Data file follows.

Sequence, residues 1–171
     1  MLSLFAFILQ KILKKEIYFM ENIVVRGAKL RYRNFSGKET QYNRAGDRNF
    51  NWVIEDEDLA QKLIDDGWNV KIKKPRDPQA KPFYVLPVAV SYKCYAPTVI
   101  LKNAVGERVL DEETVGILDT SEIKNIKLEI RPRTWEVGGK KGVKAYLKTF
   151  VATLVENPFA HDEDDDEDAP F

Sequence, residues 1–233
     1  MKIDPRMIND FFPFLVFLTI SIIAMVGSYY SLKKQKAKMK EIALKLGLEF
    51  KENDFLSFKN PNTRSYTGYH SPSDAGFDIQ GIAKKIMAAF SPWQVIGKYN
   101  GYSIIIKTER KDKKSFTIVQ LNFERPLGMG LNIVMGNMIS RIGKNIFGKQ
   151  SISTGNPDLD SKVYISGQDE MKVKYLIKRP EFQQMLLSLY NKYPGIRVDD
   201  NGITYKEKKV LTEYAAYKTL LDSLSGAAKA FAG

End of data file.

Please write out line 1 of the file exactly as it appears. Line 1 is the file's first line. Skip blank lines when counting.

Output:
Sequence, residues 1–171